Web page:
Having flown into Fes, it was my first taste of Morocco before I embarked on my three weeks of travelling in this fascinating country. Having reflected on my journey through Morocco I can’t think of a better place to start than Fes, as its mazy medina and historic buildings embrace you into the spell binding Moroccan culture.
‘Would you like some mint tea?’ was the first question I was asked on arrival to my budget hotel, a question that any traveller in Morocco will become very familiar with by the end of their trip. Whilst I am not a fan of hot drinks in warm weather the sweetness of the Moroccan mint tea does a surprisingly good job of quenching your thirst and cooling you down. Something you need on a regular basis as you explore the old medina of Fes el Bali.
Usually I don’t like using tour guides and try to be as independent as possible. However with limited time and plenty of people advising me to do so it seemed the best option was to get a guide in order to see all this imperial city had to offer.
Borj Nord sits pretty on top of a hill overlooking the city of Fes and offers stunning views over the medina. Whilst the walk up in the sticky heat wasn’t welcomed, the end result made it all worthwhile. It also offers a welcomed respite from the bustling streets of the medina. Back down into the madness I then went as my tour guide hurried through narrow alleyways and under crumbling buildings. The appeal of a tour guide was becoming more apparent by the second.
Whilst you are there take time to explore several medersa’s, wandering through their grand squares filled with beautifully decorated walls and marvel at the craftsmanship involved. The tanneries are likewise a must see in the city as most people will tell you that Fes’s are more impressive than the regularly visited tanneries in Marrakech. Despite the strong and rather off putting smell (which you will now have become accustomed to having walked through the medina) it is fascinating to see this old technique still being used and to then see the end product hanging up for sale. The other perk of having a guide is that after I finished at the tanneries he then took me around shops where they demonstrated how they go about making Argan oil and silk clothing. However if you are looking to buy some souvenirs then it is best not to do so here, you can pick up the same quality goods if you brave the madness of the souqs for a cut of the price.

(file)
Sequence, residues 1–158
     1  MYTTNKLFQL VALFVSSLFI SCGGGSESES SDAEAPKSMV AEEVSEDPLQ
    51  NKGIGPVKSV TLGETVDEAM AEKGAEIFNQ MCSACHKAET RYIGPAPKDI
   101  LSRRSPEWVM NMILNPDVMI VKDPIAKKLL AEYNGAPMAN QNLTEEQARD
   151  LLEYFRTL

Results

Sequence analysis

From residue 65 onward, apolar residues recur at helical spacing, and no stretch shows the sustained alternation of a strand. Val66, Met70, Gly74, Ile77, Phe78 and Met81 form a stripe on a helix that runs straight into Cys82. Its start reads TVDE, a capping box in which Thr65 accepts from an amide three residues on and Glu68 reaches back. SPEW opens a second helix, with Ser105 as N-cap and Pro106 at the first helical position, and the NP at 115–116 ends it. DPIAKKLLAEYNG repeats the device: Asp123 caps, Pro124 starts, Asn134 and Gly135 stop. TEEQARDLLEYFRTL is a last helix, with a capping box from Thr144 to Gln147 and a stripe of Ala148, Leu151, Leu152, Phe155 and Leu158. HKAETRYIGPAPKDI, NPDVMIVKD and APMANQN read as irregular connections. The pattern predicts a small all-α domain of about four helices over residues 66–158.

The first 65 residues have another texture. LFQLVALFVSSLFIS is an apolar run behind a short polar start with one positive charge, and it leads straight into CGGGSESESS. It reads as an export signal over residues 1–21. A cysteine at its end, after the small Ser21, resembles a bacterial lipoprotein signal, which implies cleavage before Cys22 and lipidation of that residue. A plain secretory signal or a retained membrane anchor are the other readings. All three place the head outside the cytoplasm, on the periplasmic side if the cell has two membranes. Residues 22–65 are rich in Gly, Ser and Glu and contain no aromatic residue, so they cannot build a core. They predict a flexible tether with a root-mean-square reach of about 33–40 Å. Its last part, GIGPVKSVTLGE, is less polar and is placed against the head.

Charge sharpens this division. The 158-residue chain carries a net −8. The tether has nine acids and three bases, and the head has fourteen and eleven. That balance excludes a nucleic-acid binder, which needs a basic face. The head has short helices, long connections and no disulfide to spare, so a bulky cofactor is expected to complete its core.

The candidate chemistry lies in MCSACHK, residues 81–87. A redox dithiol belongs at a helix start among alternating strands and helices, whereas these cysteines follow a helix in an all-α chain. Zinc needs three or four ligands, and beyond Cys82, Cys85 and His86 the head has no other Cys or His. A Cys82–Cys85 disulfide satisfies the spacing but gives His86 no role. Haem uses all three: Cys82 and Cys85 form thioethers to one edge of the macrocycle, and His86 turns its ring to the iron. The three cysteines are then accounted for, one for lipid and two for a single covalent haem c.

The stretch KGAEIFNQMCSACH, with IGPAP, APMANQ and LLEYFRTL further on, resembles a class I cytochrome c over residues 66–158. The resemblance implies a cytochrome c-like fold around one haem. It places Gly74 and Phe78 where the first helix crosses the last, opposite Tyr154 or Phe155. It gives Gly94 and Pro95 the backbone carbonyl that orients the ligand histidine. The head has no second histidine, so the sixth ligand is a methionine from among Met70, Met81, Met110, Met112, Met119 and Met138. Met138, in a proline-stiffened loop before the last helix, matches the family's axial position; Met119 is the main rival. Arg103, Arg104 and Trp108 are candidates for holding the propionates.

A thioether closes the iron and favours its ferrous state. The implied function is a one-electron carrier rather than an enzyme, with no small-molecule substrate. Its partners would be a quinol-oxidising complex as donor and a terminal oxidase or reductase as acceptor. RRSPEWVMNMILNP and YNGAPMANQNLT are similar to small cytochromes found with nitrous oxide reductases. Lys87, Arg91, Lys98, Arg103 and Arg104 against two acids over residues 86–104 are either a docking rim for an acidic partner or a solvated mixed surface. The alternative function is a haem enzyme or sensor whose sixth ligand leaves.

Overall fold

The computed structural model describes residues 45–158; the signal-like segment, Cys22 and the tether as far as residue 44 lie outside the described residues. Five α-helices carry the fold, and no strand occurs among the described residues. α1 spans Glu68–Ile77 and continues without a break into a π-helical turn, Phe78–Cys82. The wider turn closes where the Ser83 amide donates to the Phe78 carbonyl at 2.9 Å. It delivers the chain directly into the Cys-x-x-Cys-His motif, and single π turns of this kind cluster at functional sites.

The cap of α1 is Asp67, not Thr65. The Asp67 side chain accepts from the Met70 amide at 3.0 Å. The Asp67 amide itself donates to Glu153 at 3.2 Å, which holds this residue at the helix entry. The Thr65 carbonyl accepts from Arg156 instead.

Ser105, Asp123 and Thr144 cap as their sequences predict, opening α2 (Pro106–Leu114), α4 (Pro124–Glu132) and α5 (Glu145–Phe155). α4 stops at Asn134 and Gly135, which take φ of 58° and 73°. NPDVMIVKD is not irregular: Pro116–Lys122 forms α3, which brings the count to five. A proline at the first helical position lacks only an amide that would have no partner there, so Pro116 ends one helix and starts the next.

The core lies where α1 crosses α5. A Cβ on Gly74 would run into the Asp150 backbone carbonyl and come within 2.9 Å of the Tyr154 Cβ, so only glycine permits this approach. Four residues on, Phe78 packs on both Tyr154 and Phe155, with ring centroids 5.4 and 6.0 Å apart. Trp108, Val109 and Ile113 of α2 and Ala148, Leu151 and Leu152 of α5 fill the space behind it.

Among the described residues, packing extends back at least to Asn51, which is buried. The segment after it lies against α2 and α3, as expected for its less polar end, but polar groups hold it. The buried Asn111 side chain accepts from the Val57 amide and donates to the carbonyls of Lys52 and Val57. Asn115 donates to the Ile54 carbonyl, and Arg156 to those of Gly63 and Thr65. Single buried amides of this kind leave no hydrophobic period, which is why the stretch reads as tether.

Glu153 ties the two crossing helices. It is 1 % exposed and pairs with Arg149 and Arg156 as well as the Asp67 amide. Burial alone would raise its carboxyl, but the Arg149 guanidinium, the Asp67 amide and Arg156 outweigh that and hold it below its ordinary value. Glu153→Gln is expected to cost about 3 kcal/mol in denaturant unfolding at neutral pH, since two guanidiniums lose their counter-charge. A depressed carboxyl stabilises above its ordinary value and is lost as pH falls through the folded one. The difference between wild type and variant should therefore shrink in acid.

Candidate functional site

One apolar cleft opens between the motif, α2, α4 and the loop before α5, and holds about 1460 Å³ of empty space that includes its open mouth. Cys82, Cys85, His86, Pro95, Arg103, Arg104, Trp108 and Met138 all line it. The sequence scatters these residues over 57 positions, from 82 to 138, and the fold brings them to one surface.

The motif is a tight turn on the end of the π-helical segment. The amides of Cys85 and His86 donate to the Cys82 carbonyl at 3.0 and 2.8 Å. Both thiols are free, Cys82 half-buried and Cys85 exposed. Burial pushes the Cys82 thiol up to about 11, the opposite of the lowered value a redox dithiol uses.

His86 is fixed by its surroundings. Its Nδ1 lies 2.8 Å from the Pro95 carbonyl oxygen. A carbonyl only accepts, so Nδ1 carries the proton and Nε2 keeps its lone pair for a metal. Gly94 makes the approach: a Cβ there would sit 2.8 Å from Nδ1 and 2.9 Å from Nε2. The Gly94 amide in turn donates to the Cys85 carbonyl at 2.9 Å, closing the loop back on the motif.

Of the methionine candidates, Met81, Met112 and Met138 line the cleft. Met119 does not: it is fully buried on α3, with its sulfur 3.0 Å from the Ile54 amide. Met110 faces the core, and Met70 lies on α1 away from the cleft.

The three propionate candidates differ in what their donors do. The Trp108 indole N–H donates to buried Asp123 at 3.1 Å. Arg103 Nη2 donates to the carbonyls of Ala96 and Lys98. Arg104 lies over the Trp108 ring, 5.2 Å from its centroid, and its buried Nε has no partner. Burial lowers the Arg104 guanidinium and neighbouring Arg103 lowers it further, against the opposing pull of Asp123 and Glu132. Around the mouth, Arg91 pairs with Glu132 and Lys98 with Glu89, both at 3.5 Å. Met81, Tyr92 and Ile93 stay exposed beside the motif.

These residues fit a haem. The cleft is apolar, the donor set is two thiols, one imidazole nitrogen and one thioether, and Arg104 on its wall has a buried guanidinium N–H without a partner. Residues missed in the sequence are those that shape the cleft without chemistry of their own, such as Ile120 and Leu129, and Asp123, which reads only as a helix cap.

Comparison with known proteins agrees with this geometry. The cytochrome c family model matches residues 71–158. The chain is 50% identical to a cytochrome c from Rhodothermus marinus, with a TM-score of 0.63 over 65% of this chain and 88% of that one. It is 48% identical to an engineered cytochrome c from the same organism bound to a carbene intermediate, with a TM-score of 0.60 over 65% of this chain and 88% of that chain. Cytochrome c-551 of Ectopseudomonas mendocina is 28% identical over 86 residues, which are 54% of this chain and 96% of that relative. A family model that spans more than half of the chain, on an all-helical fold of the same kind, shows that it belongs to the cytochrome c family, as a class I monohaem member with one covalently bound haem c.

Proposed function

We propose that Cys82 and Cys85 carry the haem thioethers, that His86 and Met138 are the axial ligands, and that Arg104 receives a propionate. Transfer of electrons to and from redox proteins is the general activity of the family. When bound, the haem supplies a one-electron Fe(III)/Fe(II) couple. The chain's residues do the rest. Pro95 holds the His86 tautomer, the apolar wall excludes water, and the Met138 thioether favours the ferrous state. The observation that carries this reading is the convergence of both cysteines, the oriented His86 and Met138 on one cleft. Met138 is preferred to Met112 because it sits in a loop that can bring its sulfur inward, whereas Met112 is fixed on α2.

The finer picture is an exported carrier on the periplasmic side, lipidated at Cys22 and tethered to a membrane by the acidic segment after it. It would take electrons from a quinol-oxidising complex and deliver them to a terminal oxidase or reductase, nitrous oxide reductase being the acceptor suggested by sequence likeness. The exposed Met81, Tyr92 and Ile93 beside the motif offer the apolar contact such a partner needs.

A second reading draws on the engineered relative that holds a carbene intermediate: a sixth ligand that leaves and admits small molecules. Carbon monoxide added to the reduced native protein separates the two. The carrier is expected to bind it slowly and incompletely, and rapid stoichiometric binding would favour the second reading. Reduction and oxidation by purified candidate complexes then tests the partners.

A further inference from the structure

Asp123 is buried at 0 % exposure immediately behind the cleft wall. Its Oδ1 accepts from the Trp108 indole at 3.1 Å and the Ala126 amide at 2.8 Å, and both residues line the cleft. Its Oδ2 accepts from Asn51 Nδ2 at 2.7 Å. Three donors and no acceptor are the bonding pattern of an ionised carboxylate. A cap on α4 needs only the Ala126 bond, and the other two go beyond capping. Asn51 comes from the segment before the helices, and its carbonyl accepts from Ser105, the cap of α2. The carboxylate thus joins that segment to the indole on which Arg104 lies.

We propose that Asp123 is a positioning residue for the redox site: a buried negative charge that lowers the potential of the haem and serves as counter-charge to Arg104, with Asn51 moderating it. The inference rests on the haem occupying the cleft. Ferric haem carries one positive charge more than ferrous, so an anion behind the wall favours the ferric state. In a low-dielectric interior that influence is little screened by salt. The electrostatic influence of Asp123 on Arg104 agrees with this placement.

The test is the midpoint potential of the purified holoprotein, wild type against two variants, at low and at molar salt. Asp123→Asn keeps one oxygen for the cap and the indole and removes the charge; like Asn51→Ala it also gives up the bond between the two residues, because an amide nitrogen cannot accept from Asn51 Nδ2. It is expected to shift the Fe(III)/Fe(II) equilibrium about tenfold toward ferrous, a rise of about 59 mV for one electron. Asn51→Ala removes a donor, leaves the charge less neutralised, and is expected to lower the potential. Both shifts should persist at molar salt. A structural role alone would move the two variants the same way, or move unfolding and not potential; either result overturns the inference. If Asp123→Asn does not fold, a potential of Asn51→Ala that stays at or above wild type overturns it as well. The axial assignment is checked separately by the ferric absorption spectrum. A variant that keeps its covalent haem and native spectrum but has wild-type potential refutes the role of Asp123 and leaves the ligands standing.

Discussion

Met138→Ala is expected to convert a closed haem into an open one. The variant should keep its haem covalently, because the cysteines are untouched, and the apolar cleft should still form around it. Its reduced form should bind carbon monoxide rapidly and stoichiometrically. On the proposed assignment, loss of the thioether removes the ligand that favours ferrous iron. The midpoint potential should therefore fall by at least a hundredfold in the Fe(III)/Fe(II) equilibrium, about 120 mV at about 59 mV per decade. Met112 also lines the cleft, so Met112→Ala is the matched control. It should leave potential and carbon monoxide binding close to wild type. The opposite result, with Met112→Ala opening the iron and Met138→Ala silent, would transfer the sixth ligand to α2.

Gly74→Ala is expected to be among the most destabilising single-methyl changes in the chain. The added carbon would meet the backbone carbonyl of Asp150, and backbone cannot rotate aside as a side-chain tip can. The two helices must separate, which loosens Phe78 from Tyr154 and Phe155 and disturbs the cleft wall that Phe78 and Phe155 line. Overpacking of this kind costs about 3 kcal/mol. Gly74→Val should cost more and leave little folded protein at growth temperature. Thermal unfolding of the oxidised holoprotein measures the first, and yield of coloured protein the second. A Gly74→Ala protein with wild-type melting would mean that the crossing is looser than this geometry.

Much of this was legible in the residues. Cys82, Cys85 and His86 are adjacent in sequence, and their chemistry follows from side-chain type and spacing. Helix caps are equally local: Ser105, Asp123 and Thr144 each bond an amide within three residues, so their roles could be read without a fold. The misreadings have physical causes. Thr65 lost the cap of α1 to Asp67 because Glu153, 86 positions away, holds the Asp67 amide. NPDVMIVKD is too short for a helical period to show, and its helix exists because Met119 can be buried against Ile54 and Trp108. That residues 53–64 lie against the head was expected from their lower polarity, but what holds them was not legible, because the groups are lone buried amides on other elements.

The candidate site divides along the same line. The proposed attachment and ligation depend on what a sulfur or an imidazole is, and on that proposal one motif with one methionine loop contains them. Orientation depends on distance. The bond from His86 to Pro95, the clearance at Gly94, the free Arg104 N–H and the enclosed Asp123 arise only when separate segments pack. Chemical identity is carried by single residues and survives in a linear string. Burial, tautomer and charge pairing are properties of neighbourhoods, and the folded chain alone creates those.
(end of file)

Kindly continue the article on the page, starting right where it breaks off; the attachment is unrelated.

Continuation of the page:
At the top of the medina you then come to the small main square of Bab Boujeloud where you can enjoy a meal on a picturesque restaurant terrace overlooking the square and the majestic blue gates, another impressive bit of architecture that is a regular feature in Fes. The surrounding market stalls and shops are also worth a look even if you are not planning to buy anything, just be aware of the salesman’s rather persuasive selling techniques.
The medina of Fes really made an impression on me which I think set the tone for the remainder of my trip through Morocco. Here you get a great insight into the locals’ way of life and a real taste for their culture. It is almost like you have walked back in time as you explore the walls of the medina with its narrowly winding cobbled streets, navigating your way past heavy loaded donkeys and old fashioned craftsmen going about their work. There is no guide book that can quite prepare you for the sights and experiences you will encounter as you meander through the medina. The best bit of advice I can give is to embrace everything it has to offer and don’t be afraid in doing so. If you manage to relax you will be swept up in this majestic city and its abundance in character will leave a lasting impression on you.